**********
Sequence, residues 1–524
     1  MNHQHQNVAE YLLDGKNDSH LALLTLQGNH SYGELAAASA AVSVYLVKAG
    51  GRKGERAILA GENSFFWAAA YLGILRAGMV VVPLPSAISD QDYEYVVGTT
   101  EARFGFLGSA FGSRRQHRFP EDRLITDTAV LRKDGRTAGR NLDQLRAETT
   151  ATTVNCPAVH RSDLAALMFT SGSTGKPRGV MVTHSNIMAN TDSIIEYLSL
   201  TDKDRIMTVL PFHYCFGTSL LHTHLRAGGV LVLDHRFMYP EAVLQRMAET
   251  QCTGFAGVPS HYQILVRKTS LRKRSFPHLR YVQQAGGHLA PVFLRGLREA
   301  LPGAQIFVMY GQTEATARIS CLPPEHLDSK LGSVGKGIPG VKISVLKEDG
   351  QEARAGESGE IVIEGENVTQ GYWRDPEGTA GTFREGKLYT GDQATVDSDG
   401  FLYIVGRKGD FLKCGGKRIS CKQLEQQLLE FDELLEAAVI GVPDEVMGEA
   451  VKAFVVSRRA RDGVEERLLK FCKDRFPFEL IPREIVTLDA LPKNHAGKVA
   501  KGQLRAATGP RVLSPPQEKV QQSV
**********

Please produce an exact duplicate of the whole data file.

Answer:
Sequence, residues 1–524
     1  MNHQHQNVAE YLLDGKNDSH LALLTLQGNH SYGELAAASA AVSVYLVKAG
    51  GRKGERAILA GENSFFWAAA YLGILRAGMV VVPLPSAISD QDYEYVVGTT
   101  EARFGFLGSA FGSRRQHRFP EDRLITDTAV LRKDGRTAGR NLDQLRAETT
   151  ATTVNCPAVH RSDLAALMFT SGSTGKPRGV MVTHSNIMAN TDSIIEYLSL
   201  TDKDRIMTVL PFHYCFGTSL LHTHLRAGGV LVLDHRFMYP EAVLQRMAET
   251  QCTGFAGVPS HYQILVRKTS LRKRSFPHLR YVQQAGGHLA PVFLRGLREA
   301  LPGAQIFVMY GQTEATARIS CLPPEHLDSK LGSVGKGIPG VKISVLKEDG
   351  QEARAGESGE IVIEGENVTQ GYWRDPEGTA GTFREGKLYT GDQATVDSDG
   401  FLYIVGRKGD FLKCGGKRIS CKQLEQQLLE FDELLEAAVI GVPDEVMGEA
   451  VKAFVVSRRA RDGVEERLLK FCKDRFPFEL IPREIVTLDA LPKNHAGKVA
   501  KGQLRAATGP RVLSPPQEKV QQSV